Having an autistic child in the household is a challenge that all the other family members will have to live with.  Rachel does a very good job of explaining what problems can or should be expected, as well as some guidelines of what should be expected from the entire family when living with a child with autism.

The Impacts of Autism on the Family
By Rachel Evans

Having a child who has been diagnosed with autism can be a particularly challenging time for any family. The emotional roller coaster lurches from disbelief, anger, relief at finally having an explanation for your childs unusual behavior, guilt, surprise, helplessness, devastation, understanding, and so the list goes on.

Then there are the more practical questions too, what sort of treatment is available, what are the education options, what level of care will be required, how will this effect other siblings, parental relationships and financially, what will the effect be?

Parents bear the brunt of the family responsibility with mothers often feeling the impact of their childs autism more personally than others. Coping with an autistic child can lead to difficulties between parents with each playing a blame game. This can lead to a breakdown of the relationship, but researchers have found that this is no more likely than for families without autistic children.

Raising an autistic child is challenging and can be exhausting without support. As the main role in bringing up children usually falls to the mother, they may experience additional emotional stress. This can impact on not only relationships between parents, but also performance at work, which can lead to feeling of resentment or possibly have a financial impact if they are forced to change working hours and responsibilities to fit in around childcare.

An autistic brother or sister also impacts on other siblings. You may notice their autistic sibling embarrasses them, they may be reluctant to bring friends home or be jealous of the amount of time you spend with their brother/sister. On the other hand, there are some positives, siblings may develop strong feelings of protectiveness for their brother/sister and take an interest in their development.

Discussing with other siblings about their expected role, if any, in the future care of an autistic child is a good idea as most older children will start to wonder what their responsibilities might be as parents get older. Having an open and honest discussion with all your children about future care is important so that siblings are not worrying unnecessarily.

Grandparents are also effected by an diagnosis of autism. They can feel a loss of a ‘normal’ grandchild and will often worry and experience stress on behalf of the parents. Grandparents can be a huge help when caring for autistic children, but they can also hinder too, no matter how well meaning their intentions.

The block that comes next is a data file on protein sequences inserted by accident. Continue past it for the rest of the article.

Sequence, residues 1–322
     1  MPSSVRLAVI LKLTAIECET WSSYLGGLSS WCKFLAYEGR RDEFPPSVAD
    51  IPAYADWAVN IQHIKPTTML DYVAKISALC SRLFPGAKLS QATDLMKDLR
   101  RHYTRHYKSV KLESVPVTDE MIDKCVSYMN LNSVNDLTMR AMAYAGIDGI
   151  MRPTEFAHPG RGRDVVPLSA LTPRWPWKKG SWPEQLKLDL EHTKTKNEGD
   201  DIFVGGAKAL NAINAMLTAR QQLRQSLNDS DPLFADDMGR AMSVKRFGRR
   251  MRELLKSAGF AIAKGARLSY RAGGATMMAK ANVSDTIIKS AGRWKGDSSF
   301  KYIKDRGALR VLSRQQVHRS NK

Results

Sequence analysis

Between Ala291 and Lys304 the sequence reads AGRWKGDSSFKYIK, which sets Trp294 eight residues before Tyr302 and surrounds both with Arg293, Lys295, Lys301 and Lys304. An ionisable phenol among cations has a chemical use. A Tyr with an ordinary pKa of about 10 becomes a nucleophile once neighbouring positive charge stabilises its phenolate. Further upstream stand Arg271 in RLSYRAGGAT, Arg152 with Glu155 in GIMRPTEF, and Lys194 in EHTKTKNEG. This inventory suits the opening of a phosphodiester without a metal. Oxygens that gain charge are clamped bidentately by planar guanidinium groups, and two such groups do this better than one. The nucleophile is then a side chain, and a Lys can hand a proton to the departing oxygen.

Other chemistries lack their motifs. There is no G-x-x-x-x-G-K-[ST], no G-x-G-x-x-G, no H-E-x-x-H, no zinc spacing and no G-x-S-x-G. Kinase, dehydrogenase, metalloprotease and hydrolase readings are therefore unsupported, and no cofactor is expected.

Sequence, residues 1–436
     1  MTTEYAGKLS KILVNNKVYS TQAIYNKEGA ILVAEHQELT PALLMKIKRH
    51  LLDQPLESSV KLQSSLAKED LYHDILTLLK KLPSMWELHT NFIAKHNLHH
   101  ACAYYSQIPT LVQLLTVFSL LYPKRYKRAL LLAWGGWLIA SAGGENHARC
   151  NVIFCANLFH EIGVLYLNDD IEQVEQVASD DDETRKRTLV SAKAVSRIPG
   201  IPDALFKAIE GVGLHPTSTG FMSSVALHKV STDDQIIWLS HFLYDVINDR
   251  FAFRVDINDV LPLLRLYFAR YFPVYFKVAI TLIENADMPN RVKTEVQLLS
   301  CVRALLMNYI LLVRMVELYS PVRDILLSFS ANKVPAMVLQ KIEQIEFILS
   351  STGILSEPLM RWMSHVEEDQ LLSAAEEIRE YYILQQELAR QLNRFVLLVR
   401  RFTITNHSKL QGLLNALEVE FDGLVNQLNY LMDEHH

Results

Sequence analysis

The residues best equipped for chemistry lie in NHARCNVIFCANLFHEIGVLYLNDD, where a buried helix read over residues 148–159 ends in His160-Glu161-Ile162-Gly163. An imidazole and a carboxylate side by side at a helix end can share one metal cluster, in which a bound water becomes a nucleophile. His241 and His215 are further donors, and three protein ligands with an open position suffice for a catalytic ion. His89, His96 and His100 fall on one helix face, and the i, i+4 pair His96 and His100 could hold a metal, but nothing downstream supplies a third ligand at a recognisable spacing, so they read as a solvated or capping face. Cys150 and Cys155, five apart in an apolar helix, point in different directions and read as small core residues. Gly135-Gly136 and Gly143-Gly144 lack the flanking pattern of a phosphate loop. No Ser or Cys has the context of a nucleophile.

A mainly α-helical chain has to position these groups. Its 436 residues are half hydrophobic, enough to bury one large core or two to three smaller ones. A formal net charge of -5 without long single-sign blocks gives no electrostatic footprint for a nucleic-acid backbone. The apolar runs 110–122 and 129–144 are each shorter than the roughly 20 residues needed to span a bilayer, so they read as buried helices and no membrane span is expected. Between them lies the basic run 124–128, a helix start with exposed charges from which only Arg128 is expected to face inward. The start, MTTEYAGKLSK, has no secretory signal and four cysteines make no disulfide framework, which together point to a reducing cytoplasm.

So, what can you do about reducing the impact on the family?

Take time out
It is vital for parents to take some time for themselves to recharge their relationship. Now, most people will say they don’t have time or there isn’t anyone to look after the children etc. Well they are missing the very important point. If you don’t look after yourself you can’t look after others - effectively anyway.

You don’t need to take a week or even a day off, just allow yourself some time to do something for you - take a bath, take a stroll together, share a glass of wine, read a chapter of a book… you get the idea. Parenting is stressful and when an autistic child is in the mix it is even more so. It is important to keep moral up to stay motivated.

This also applies for the rest of the family. You should remember to acknowledge that each member of the family contributes to the family dynamic. Remember to be appreciative of whatever role each member takes and their achievements.

Sometimes, you may occasionally want to go somewhere or do an activity with the rest of the family without your autistic child. This is not something to feel guilty about; you need to think about your other children and what their needs may be. They will sometimes need some ‘timeout’ from “autism” and just enjoy their parents company, without worrying about what their sibling may do. Also, it’s important for parents to have some time to themselves, enjoy an evening out, a meal at a nice restaurant every now and again.

Rachel Evans. You can sign up for a Free Autism Newsletter at Essential Guide To Autism or for more autism articles click here Autism Articles.

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For more information about autism and the autistic community be sure to check out the resources available at answers-about-autism.

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